Premier Peter Gutwein
You’ve all obviously met Mr Challen and have known him well and had the benefit of a briefing with him. In fact, you probably had a longer briefing with him than what I had in terms of the report that’s before us.
But firstly I’ll start just with a couple of updates.
In terms of the steps that we’ve taken and put in place to protect Tasmanians, our border controls remain our strongest defence.
We’ve made no apologies in terms of turning back Victorians, and we’ve certainly ensured that we have had a strict quarantine process available for those who have entered the state.
In fact, at the moment we have more than 600 people in our hotel quarantine arrangements, and just under 1,000 people that are still being quarantined at home.
I want to provide just a very quick update on a matter that I was just notified of just a couple of minutes ago.
We are currently investigating a possible positive case in the South in one of our hotel quarantine facilities.
There’ll be a further update on that later today, when more details are to hand.
That is all the information that I have at the moment, but I wanted to ensure that you were brought up to speed and we’ll put out a statement once more details are available.
But what is important, I want to make this point, I’ve said to Tasmanians on many occasions that we will see positive cases.
Importantly, this one has been picked up in our hotel quarantine, and as I’ve said, it’s suspected at the moment. There are further tests to be done and then we’ll have more to say.
But, we are in a good place, compared to certainly Victoria, New South Wales and the challenges that they’re facing. You know, our borders have stood us in good stead, and it’s important that we continue to maintain those strong border arrangements.
As I’ve previously indicated, this coming Friday I’ll provide an update on our view in terms of our border arrangements going forward and whether or not there will be travel to some of the safer states and jurisdictions.
But, again, and I made this point very clear, that I’ll be guided by Public Health advice every step of the way in terms of the steps that we take moving forward.
Now, moving to the matter at hand today.
As a Government obviously in terms of the challenges that we have faced as a result of COVID-19, we’ve put in place an unprecedented level of Government support to make sure that both in an economic and social sense we can support our community through this.
The support initiatives total in excess of one billion dollars already.
In fact, it’s been recognised around the country that it’s one of the most significant state and territory packages that has been provided to ensure that we can continue to support both our economy and our community, as we work our way through this.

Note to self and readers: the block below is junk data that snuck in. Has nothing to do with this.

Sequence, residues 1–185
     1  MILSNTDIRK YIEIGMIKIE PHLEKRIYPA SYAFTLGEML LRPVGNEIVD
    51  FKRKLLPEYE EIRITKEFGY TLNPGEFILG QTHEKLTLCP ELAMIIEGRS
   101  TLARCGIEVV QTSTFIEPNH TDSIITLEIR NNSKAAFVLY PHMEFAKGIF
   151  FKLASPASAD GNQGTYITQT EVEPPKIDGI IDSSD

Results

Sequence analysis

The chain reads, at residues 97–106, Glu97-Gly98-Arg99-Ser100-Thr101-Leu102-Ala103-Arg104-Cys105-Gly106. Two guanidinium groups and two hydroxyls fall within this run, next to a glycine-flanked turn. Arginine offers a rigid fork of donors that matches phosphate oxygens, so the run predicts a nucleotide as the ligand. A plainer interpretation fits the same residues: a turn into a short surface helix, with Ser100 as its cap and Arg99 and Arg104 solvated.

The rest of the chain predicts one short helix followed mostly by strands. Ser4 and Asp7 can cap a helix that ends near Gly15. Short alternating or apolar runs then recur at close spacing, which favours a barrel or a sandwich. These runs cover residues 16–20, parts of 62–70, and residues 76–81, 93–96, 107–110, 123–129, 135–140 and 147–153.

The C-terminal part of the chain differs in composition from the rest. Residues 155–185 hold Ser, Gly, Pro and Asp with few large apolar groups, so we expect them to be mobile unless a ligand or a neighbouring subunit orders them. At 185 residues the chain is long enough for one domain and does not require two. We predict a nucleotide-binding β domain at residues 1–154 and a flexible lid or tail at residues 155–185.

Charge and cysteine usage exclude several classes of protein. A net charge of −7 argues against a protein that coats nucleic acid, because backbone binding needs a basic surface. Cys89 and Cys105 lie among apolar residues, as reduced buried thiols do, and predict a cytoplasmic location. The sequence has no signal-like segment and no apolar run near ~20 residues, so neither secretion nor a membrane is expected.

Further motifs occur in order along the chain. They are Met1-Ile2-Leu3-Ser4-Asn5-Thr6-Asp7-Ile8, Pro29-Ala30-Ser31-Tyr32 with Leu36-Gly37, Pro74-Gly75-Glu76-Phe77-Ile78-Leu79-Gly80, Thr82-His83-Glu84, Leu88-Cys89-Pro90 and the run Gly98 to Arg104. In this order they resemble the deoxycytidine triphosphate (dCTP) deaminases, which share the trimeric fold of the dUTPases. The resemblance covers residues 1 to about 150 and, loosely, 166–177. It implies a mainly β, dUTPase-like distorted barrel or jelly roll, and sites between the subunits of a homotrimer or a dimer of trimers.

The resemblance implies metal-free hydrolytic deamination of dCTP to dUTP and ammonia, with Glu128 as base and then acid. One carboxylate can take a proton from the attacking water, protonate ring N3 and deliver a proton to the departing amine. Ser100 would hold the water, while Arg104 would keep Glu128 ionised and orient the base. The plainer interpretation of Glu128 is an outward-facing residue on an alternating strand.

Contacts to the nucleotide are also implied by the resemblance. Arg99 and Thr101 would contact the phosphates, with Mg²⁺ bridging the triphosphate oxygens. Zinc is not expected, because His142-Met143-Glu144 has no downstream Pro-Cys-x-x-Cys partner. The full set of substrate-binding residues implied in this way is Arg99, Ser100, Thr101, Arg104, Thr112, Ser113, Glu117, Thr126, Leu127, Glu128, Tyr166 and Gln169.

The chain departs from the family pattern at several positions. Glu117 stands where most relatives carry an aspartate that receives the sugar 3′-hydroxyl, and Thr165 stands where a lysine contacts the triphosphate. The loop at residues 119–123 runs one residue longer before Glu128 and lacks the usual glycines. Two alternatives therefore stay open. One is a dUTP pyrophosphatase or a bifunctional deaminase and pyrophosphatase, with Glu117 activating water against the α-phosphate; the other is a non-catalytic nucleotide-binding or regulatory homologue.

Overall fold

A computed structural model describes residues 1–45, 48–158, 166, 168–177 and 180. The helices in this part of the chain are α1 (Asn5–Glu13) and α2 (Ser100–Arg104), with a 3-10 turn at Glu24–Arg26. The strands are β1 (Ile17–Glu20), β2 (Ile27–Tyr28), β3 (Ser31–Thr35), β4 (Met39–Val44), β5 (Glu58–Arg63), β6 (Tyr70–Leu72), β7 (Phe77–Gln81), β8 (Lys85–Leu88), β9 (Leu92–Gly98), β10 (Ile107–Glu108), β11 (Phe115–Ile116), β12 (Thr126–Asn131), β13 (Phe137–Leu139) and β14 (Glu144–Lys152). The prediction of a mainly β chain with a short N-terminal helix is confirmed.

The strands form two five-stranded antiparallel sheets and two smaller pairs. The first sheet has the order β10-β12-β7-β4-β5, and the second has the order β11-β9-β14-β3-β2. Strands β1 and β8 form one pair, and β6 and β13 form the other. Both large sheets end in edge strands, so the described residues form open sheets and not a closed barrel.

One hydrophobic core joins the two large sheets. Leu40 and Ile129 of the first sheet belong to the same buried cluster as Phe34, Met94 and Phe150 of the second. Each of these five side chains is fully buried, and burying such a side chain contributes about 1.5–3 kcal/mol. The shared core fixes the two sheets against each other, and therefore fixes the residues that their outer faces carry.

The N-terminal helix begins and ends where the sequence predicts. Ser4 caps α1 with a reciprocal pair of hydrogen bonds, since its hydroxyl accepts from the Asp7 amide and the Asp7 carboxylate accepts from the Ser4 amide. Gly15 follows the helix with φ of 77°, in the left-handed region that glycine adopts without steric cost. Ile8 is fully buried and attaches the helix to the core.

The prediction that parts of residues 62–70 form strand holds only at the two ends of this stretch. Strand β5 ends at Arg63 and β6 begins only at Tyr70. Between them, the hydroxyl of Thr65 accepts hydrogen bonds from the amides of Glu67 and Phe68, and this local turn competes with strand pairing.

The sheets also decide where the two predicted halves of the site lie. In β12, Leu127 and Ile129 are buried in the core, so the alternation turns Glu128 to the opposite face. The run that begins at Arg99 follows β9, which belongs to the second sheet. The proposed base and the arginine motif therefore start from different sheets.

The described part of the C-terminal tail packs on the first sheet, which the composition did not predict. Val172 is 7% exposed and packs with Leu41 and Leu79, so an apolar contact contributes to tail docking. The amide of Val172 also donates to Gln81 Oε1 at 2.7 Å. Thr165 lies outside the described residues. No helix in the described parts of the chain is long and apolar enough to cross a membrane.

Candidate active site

The Australian Government has also provided over $270 billion’ worth of support as we work our way through it, and Tasmania’s local councils, and I should give them a nod as well, they have provided more than $40 million already in response initiatives and have utilised nearly $150 million of the interest-free loan capacity that we’ve provided.
We do know that the impacts of coronavirus will be with us for some time.
One of the important steps that we took was to put in place the Premier’s Economic and Social Recovery Advisory Council which is led by Mr Challen as Chair.
Importantly, I consulted with Mr Challen early in June as the Chair of PESRAC in terms of a first step in terms of the initiatives that we would take in regards to construction, and we rolled out during the month of June a $3.1 billion package of both measures to support infrastructure and construction, but also an effective doubling of our infrastructure spend at a State Government level as well, increasing that to $1.8 billion over the coming two-year period.
The challenge that we face moving forward is how we ensure that we have a strong economy under the circumstances but, importantly, also that we rebuild the social fabric of Tasmania as well.
You know, the challenges that we faced in terms of lockdowns, you know, have been devastating for many small businesses and many communities, and it’s important that even now as we start to see life being breathed back into our economy that we take those steps that we can to ensure that we can support those communities as we rebuild and, importantly, manage our way through what will be a challenging period of time for the state.
Mr Challen today has provided me with the report that we will now utilise to consider immediate initiatives, but also to inform the upcoming November budget.
PESRAC, as it was announced last week, will also now consult broadly with the Tasmanian community in terms of pulling together a final report which will be received by Government, I would expect, early in the New Year, which will chart a pathway for the medium to long term.
I’ve only had a couple of moments to consider the report, as you have here, and today I won’t be ruling in or ruling out anything in the report.
We’ll provide it to the relevant Departments, who’ll provide us with advice, and we will utilise that advice in terms of whether we take immediate steps on certain initiatives or whether we include those in the November budget.
Importantly, the 64 recommendations that I’ve looked at today cover the widespread, both economic, community and social challenges that we face as a state, and I want to thank PESRAC very much, under Mr Challen’s leadership, for the work that they have put in.
It is comprehensive, it has been put together in a very short period of time, and I think, on first glance, the information that is here will stand the state in good stead as we move forward.
With that being said, I’ll hand over to Mr Challen to provide his views on the report and some of the learnings that he has taken on board as a result of the work that PESRAC have undertaken in the past weeks and months.